Jakarta. China will likely seek to continue its dominance in Asia at this week’s Asian-African Conference in Jakarta despite, Indonesia’s attempt to seek “a new military balance” in the region.
Chinese President Xi Jinping is scheduled to arrive in Jakarta on Tuesday for the summit following a state visit to Pakistan.
Observers say Xi’s attendance is meant to show the Chinese government’s intentions to strengthen and expand its influence in the two continents as demand for Chinese products from Western countries dwindles.
Japanese Prime Minister Shinzo Abe is also seeking a similar move, using the conference to make further contributions to development in Asia and Africa.
The Indonesian Foreign Ministry on Monday confirmed that Xi would hold bilateral talks with Indonesia’s President Joko Widodo on the sidelines of the event.
Joko met with both Xi and Abe during a week-long tour last month that began in Tokyo and concluded in China’s Hainan province.
During his visit, Chinese investors pledged a total of $68.44 billion in investment in Indonesia, while Japan promised $5.6 billion in new investments.
The Foreign Ministry has not confirmed whether Joko would also hold bilateral talks with Abe during the Asian-African Conference.
Xi and Abe are among the 28 heads of state and government who have confirmed their attendance for the conference, taking place this week in Jakarta and Bandung.
Joko previously said Indonesia would bring up several security issues affecting the two continents, including China’s rapid expansion in the South China Sea.
China claims most of the potentially energy-rich South China Sea, disputed in parts with the Philippines, Vietnam, Malaysia, Brunei and Taiwan.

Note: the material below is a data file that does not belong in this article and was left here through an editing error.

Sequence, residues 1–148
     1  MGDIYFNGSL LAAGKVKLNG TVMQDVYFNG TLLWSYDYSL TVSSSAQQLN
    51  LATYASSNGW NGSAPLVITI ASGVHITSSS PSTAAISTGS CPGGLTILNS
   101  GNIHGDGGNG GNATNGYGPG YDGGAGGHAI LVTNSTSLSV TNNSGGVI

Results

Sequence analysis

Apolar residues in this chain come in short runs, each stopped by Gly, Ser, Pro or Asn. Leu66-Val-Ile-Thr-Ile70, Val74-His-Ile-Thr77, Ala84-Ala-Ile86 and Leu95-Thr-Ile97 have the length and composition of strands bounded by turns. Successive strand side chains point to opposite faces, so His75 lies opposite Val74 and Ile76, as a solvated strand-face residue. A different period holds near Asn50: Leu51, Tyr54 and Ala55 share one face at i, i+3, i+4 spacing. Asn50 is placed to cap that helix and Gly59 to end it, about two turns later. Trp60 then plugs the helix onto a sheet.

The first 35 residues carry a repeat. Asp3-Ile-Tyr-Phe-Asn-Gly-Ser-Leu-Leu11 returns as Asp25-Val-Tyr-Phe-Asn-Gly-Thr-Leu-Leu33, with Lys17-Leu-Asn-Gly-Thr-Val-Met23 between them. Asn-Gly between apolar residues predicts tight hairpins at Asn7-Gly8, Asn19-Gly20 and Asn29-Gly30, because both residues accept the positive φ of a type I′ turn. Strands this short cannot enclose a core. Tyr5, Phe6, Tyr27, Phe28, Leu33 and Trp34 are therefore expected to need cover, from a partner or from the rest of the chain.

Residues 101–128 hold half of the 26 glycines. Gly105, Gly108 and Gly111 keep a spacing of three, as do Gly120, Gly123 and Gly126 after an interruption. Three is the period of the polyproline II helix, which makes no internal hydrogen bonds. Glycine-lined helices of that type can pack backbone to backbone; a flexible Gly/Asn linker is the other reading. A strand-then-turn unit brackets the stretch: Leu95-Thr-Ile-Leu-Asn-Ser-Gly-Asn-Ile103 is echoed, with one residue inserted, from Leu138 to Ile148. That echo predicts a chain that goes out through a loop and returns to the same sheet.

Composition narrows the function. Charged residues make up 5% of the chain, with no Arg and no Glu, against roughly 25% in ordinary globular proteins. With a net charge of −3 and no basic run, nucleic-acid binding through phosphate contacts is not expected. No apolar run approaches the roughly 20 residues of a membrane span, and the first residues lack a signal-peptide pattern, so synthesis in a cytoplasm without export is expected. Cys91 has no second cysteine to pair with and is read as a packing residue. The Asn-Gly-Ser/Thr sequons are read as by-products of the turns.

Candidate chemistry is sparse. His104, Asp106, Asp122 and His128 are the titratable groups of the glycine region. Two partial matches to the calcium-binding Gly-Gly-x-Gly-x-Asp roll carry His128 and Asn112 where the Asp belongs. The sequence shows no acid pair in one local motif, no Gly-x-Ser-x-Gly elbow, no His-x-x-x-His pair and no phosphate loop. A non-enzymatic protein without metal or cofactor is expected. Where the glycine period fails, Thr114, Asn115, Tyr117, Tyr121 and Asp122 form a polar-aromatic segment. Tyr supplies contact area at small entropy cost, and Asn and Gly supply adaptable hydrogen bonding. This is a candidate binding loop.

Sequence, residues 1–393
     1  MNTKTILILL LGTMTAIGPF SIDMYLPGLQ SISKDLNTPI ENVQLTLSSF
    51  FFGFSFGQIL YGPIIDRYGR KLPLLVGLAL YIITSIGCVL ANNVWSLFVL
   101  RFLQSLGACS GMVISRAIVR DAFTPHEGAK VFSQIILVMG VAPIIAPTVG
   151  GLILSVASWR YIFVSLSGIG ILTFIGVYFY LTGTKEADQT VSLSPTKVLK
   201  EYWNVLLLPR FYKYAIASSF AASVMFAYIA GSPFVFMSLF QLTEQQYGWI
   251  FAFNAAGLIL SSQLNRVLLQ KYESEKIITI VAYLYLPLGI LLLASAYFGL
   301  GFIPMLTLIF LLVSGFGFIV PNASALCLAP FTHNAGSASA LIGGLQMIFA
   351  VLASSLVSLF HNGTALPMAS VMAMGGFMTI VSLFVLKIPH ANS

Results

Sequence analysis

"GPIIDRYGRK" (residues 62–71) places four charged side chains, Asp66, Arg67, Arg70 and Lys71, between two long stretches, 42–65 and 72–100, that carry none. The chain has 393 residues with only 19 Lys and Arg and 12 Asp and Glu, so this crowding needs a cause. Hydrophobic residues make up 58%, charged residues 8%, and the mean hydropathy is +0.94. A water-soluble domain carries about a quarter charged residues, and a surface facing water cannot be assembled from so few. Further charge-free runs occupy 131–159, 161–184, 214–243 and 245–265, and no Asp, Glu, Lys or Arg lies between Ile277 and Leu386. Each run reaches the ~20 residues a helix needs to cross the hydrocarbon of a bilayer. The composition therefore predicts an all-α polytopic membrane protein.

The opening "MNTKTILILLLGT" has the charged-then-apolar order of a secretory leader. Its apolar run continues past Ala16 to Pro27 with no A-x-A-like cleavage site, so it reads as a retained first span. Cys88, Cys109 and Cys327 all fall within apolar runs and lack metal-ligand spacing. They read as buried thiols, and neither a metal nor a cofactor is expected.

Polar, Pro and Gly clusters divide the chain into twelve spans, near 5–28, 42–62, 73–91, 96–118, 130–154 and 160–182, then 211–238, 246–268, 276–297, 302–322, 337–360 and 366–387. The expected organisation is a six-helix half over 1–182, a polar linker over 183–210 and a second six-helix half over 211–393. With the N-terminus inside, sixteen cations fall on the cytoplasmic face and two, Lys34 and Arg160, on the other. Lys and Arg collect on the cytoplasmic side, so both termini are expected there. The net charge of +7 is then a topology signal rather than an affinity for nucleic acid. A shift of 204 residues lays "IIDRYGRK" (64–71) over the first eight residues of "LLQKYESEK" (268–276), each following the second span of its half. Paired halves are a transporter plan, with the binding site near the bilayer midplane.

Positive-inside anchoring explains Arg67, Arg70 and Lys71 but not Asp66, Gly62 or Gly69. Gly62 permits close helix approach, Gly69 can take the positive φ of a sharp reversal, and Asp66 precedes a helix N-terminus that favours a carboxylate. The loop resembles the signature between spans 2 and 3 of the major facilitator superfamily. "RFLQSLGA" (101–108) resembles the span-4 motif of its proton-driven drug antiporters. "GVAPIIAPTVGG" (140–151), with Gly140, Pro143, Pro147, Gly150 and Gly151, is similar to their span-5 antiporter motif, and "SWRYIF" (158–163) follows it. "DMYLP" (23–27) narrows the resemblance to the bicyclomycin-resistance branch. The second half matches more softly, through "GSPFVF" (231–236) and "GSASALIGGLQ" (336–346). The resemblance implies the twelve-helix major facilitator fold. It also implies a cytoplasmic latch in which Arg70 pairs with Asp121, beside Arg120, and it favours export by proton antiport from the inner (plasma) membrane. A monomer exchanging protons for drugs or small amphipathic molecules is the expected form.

Indonesian military commander Gen. Moeldoko said Asia needed a new military balance that was not led by a lone major power.
“There are significant changes in the stable and calm conditions that existed in the region a decade ago,” he told Reuters at the military headquarters in Jakarta. “So everyone has an opinion that China is a threat to the neighborhood. The region needs a new balance.”
As a result of heightened tensions in the region, Indonesia plans to upgrade its military forces in Natuna and Tanjung Datu, areas of the South China Sea near China’s claims.
Moeldoko, who retires as military commander in July, said he wanted to bring together the United States, Japan, China and Southeast Asian nations at a regional defense summit next year in the hopes of easing tensions.
The United States has repeatedly expressed concern about the territorial rivalries threatening “freedom of navigation” in the South China Sea; China, though, insists it will always allow ships to sail freely.
But China also believes US complaints on the issue are a way for the superpower, which has no territorial claims in the area, to get involved in the power struggle.
China has expanded its presence in disputed parts of the sea in recent years by embarking on giant reclamation work on reefs and islets, turning some into islands capable of hosting aircraft landing strips.
The Asian-African Summit is scheduled for Wednesday and Thursday in Jakarta, while a ceremony to commemorate the 60th anniversary of the conference will take place in Bandung the following day. It will include a walk by the leaders down Jalan Asia-Afrika, retracing a similar procession by the leaders of 60 years ago.
Additional reporting from Reuters & AFP